Do nurses use stethoscopes? Of course! But if you’re thinking about going to nursing school or starting your career as a healthcare professional, you may have a few follow-up questions about this must-have item.
This article will explain what this device does, when and how it’s used, and which stethoscope is best. It’s time to learn all about one of the most important tools of your trade so that you can work more comfortably and efficiently, something we’re all about.
What are stethoscopes?
A stethoscope works as an amplifier for your body’s sounds. You can hear what’s going on when you hold the resonator (the disc at the end of the tubing) to a part of a patient’s body—the heart, lungs, intestines, or veins.
Here’s a fun fact: While contemporary stethoscopes have ear tips that wear like headphones for listening to the sounds amplified by the resonator, earlier versions were simpler barrel-shaped tools that separated the listener’s ear from the patient’s body.
What is the correct way to wear a stethoscope?
To wear a stethoscope correctly, start by situating the device on the front of your body, with the diaphragm facing you.
If you’ve ever worn earbuds for a long time, you know that they can be a pain, literally. So, position the earpieces snugly in your ear canals and move the tips gently until you’ve blocked out outside noise and don’t feel chafing. Make sure the headset fits well, too, and that it is not too loose or tight on your head.
When you use a stethoscope, hold the chest tube away from you with one hand and then place the diaphragm on the patient’s skin. Be aware of any unwanted noise you may be creating as you touch the stethoscope, and change the way you hold the device to minimize this from happening. You want to be able to hear the patient’s body as well as possible.
Why do nurses need to use a stethoscope?
Once you know how to use a stethoscope, it’s time to talk about how you’ll use it for patient care. Here are some of the most common vital sounds you’ll listen for with a nursing stethoscope:
- Heart sounds
- Bowel sounds
- Blood pressure
- Lung sounds
What makes a great stethoscope?
Remember when we said stethoscopes are like speakers for the body? Just like you think about acoustics when selecting the perfect sound system for your home theater, you should consider sound quality when choosing a good stethoscope.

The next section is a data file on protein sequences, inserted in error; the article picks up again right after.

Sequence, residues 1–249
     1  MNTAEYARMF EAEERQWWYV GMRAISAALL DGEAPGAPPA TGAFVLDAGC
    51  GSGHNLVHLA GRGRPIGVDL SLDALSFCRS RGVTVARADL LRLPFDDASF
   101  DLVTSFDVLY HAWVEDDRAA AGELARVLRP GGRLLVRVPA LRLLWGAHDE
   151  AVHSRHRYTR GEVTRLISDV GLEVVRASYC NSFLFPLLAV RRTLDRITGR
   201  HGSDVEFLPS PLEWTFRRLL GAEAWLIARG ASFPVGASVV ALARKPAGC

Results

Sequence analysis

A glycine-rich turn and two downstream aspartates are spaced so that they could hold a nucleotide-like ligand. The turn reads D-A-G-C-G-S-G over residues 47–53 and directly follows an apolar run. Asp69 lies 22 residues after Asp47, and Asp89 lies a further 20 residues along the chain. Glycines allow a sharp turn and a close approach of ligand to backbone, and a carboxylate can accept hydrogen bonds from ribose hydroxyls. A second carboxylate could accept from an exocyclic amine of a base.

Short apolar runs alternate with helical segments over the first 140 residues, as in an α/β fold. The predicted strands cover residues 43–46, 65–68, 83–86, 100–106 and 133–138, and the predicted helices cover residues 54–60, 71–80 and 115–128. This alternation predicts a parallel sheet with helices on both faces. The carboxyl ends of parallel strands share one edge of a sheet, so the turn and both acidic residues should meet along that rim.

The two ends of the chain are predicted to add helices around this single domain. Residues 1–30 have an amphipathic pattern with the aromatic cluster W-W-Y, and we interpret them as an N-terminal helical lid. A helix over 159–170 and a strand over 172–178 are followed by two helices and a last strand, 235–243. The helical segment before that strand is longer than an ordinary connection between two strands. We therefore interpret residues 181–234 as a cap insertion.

There are some other key considerations as well. Some stethoscopes are made for specific medical specialties, like cardiology. Comfort, ease of cleaning and mobility are also defining features. This device will see you through many patient check-ups, so get a good one.
What are the best stethoscopes for nurses?
If you’re ready to shop but not sure where to start, check out this list of some of the internet’s most highly rated stethoscopes:
The 3M Littmann stethoscope is a go-to for many medical professionals as it boasts high-quality acoustics at an affordable price. If style’s your thing, it also comes in various colors so that you can find the perfect pairing for your favorite scrubs. If there’s a nursing student in your life, a Littmann Classic III makes a great, long-lasting gift.
The MDF MD One is a high-fashion stethoscope available in traditional black, rose gold and marble-effect finishes. But this device isn’t just for looks. This quality stethoscope is also comfortable and lightweight.
If you’re looking to save a buck (hey, nursing school is expensive!), consider the Prestige Medical Sprague-Rappaport stethoscope. It’s reliable, economical, and comes in various vibrant colors to brighten up your shift.
FAQs about stethoscopes
Before purchasing your stethoscope, you probably have some questions, especially regarding a medical device. Here are some FAQs about nurse stethoscopes to guide you:
What can I do if I can’t hear well through my stethoscope?
One of the most common reasons you can’t hear well is the fit of the ear tips. Their design situates them toward the ear canal, but not everyone’s ears are the same shape. It could also be that the ear tips are the wrong size for your ear canal.
Another common issue is a blockage. Stethoscopes spend a lot of time bouncing around in your bag, picking up dirt, or collecting grime in the hospital. If your stethoscope is dirty, it won’t perform at its best, so take some time to keep up with maintenance by cleaning it well regularly.
Does the tubing length affect the sound quality?
Tubing length doesn’t necessarily affect sound quality, at least not to the human ear. There may be a slight reduction in sound in longer tubes, but nothing you would likely be able to detect. So, when sizing up the tubing, opt for a length that feels right.
How is stethoscope tubing measured?
The tubing measurement includes the entire length of the device, from the ear tips to the chest piece. Most stethoscopes have 22-inch or 27-inch tubing.
At Jaanuu, we believe our job is to help you do yours as comfortably as possible, and not just when it comes to scrubs. That’s why we create content that helps you live your best life as a medical professional both in and outside of the healthcare environment where you work.